Wind Power for Ships
Advertise Here
Trending Topics:
Sunday, June 14, 2015

Ship Equipment
Ship Maintenance
Ship Systems
Worldwide Metric
Freeman Marine
Neptune Group

Home Page
About MarineTalk
Buyer's Guide
World InfoDesk
Discussion Forums
Advisory Board
Advertising Information
Submit Company Listing
Edit Company Listing
Site Map
MarineTalk Site Search:
Featured Companies

Cube Relocations Ltd
Cube Relocations is a young company prepared to provide the highest standards in logistics and transport services. Our vast experience in this field enables us to offer you a personalized service, be it for private moves or corporate moves.

Royal Danish Naval Technical School
The school gives training and education in technical matters, primarily for technical personnel of the navy.Furthermore the school offers diving education,training in fire fighting, da- mage control,ship´s stability,NBCDprotection,fighting pollution

Hong Kong Shipowners Association
Federation of Shipowners, formed over 40 years ago.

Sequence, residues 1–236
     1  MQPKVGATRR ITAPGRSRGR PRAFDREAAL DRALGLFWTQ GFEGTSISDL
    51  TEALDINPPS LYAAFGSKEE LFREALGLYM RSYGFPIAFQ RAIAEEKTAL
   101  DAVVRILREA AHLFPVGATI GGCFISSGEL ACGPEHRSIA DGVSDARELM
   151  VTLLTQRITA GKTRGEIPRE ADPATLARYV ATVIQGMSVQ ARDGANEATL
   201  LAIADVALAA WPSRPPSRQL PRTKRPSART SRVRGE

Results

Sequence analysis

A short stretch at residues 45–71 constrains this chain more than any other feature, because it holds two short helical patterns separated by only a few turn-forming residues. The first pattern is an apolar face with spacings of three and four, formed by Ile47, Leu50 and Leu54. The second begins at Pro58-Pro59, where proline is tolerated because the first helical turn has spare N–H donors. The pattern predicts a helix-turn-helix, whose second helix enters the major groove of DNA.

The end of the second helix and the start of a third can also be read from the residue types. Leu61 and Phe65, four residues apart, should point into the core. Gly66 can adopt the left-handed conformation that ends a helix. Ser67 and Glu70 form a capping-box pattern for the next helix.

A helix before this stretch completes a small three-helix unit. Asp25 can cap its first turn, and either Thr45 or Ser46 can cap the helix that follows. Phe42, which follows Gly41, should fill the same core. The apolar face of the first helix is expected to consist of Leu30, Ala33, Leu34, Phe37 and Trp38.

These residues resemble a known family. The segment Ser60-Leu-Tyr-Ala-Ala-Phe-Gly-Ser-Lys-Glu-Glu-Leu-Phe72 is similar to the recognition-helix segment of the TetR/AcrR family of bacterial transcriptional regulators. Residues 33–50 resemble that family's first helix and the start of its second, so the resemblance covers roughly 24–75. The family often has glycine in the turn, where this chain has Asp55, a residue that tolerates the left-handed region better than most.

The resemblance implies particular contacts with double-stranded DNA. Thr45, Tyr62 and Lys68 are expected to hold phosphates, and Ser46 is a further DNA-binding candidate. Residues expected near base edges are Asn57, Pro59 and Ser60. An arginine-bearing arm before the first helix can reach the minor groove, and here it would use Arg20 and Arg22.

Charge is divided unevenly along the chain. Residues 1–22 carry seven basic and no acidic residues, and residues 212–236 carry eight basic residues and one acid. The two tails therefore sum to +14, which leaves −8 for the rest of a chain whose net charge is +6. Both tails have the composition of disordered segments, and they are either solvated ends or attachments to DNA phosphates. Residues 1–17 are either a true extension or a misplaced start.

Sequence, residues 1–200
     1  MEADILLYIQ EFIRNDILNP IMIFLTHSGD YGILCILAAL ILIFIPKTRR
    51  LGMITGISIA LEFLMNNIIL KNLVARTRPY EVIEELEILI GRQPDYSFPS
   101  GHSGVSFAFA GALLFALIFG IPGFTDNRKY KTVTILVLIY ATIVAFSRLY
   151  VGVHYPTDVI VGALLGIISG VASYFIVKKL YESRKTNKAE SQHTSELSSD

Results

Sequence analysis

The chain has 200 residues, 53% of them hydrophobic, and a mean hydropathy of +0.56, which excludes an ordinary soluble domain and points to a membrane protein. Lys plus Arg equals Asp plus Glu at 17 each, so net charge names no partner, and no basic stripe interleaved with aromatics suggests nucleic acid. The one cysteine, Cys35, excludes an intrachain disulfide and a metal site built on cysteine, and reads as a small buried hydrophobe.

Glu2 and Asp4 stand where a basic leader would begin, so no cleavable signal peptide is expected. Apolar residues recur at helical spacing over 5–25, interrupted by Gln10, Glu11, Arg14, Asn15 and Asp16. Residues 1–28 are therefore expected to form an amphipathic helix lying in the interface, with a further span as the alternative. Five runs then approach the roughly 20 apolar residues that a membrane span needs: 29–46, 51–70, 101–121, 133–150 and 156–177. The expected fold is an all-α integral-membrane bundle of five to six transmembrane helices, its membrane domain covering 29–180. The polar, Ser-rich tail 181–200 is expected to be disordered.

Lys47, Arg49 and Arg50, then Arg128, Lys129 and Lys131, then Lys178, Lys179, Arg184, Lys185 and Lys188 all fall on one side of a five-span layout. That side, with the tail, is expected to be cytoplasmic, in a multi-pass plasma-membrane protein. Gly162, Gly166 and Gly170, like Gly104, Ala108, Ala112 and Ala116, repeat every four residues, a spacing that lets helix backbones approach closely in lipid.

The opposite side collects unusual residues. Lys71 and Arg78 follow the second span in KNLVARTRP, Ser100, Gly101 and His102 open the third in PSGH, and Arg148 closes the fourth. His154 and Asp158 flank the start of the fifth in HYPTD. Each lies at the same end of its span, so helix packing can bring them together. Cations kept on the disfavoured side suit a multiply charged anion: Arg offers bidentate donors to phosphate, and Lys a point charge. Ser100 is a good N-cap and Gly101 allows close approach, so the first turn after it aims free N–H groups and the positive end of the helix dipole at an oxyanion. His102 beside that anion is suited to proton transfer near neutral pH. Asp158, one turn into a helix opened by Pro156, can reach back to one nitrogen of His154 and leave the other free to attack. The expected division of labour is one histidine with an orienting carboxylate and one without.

Tidewater Accounting and Bookkeeping Services
TABS provides tax preparation, bookkeeping and financial planning to customers worldwide. Tidewater Accounting focuses on Maritime taxes and international tax issues. Contact our firm for a free consultation for your personal or business tax issues.
    USA Virginia

Wind Power for Ships


Wind Power for Ships

KiteShip Corporation of Alameda (San Francisco, USA) is hoping to harness wind power in a way that could change cargo shipping. It's a new twist on a very old technology. There's nothing new about wind power. But there is something very new about the big plans to harness much more of that power. The company has recently arranged a huge kite demonstration to promote this form of wind power. Company executives say it can reduce cargo ship fuel consumption by 10-25 percent, which would be very substantial savings.

KiteShip hopes its next experiment will allow it to make headlines by engineering a 13,000 square foot kite to co-power vessels up to 600 feet in length saving $300,000 dollars in fuel per year, per vessel. It seems it's not a matter of if but when for this technology -- companies in Europe and Asia are all working on this technology. KiteShip says the future is near - that those huge kites will be helping to haul huge cargo ships in three to five years. (article and video)  

Latest Marine News and Technology Articles | Maritime 2015 Buyer's Guide


E-mail:  Contact Us

Copyright © 1998 - 2015 MarineTalk
Division of Link Internet Business Solutions
All rights reserved.

The reproduction, retrieval, copying or transmission of this Web site content,
in whole or in part, is not permitted without the express permission of
MarineTalk .